Where Much of the Real Financial Blame Might Lie
Like many of us, I would like to jail those persons who are responsible for the Great Recession.
Most of us know someone who lost his home over the past few years. Many of us are familiar with a family who slipped from middle-class comfort to government dependence. This is intolerable and cries out for justice.
I do not know the names of all those who should be jailed. But I would like to start with North Carolina insurance commissioners present and past - Wayne Goodwin and, if he were still alive, Jim Long - and others like them nationwide.
Most people understand that our recession began when worthless mortgage-backed securities were sold as "Triple A Paper" to banks like Charlotte-based Bank of America, initiated by its subsidiary, Countrywide Mortgage. Those sales were made possible only by something called a "credit default swap." And that is where Goodwin and Long needed to pay attention. They did not. The result was that many Americans lost their future.
So what is a "credit default swap"? Simply put, it is a policy of insurance. The banks or holders of notes purchase the policies to make sure they do not lose money on defaulted mortgages to dirt-poor homeowners. If a homeowner does not pay for his home, the insurance company pays the bank instead. The bank cannot lose unless the insurance company goes broke. And it did.
The problem is that these insurance policies were called "credit default swaps" because they were sold by investment companies, not insurance companies. And selling insurance without a license is a crime.
Insurance companies are regulated. The sale of insurance is restricted to licensed agents and regulated companies because government is supposed to make sure that in case of disaster, insurance companies remain solvent and policy holder claims are paid.
But our Insurance commissioners, as did others everywhere, failed Bank of America, Countrywide and the people. Banks were purchasing and arranging for purchase an insurance policy from companies that were never subjected to the scrutiny that the insurance commissioner should require.
Blatantly selling insurance without a license simply because the policy is called a "swap" is like a barber stating he does not need a license because he is not "cutting hair," he is "trimming" it. Such a barber would either go to jail or be ordered to read Shakespeare. But jailing a Wall Street securities salesman selling worthless paper in Charlotte is not as easy when both salesman and customer contribute to campaigns and employ lobbyists.
Yet that is not the entirety of the problem. As we read here today, credit default swaps are being bought and sold just as if nothing has happened. Goodwin remains oblivious to the problem. And they have expanded. These swaps now insure everything from leases to Greek debt.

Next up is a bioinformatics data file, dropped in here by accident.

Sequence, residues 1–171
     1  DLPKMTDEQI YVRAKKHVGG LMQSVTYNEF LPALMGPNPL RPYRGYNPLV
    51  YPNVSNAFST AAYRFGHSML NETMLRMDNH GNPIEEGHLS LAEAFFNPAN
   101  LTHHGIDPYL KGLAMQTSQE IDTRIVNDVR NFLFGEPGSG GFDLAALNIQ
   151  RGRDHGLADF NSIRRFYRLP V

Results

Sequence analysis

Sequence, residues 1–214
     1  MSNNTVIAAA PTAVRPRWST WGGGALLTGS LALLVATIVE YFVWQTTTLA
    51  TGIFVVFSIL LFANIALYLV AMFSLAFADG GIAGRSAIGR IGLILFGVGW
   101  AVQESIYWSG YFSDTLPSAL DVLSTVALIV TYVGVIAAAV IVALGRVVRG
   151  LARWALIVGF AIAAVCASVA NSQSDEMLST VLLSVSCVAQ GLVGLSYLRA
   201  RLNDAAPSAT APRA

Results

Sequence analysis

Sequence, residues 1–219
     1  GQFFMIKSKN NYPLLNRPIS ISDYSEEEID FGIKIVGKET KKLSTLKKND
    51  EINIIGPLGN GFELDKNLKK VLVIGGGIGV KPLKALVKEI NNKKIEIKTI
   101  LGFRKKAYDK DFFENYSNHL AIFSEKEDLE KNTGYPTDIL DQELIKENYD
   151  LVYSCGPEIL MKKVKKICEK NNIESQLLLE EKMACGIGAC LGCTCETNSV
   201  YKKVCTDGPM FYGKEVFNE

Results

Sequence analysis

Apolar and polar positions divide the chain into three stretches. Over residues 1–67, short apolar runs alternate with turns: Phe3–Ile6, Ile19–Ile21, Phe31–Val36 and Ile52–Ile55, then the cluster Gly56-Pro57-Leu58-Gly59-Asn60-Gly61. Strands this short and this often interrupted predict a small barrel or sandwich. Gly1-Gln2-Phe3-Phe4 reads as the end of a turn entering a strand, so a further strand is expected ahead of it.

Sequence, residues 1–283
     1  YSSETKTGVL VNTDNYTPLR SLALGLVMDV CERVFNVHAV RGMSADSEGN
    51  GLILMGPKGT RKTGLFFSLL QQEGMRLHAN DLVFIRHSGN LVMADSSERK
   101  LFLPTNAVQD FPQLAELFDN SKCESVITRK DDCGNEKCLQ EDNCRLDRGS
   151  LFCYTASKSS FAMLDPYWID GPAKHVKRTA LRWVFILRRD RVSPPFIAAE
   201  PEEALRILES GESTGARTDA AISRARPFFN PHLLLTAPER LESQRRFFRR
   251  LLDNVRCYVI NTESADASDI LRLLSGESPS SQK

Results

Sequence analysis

Putting aside the Democrat/Republican argument as to whether the underlying cause of the recession was the lack of regulation by George W. Bush or the pressure to lend by Barney Frank, we can all agree that the immediate cause of the recession was a simple Depression Era "run on the bank."
When the homeowners could not pay and banks made insurance claims, the money was not available. Had the swaps been properly regulated as insurance, then the commissioner would have made sure sufficient reserves were available or would have, more likely, shut down the business in North Carolina. This would have led to fewer mortgages, fewer defaults, and, possibly, an easing or, locally, an avoidance of recession.
Of course, some would say this is a federal problem. But where there is federal inaction, state regulators from among the states frequently unite in national lawsuits such as the suit that destroyed tobacco. And the Marlboro Man never caused financial disaster.
It is also interesting that the continued interstate sales of "mortgage insurance swaps" remains an unregulated federal matter; but, the federal government insists that selling interstate health insurance must be outlawed. Blue Cross never caused recession.
As Republicans, we cannot abrogate our responsibility to regulate where regulation is necessary. Where the federal government refuses to act, state officials must act. Or, at the very least, they must join with other states to properly regulate insurance, no matter what a charlatan might call it.
Robert M. Levy is chairman of the Moore County Republican party. Contact him at Law52@prodigy.net.
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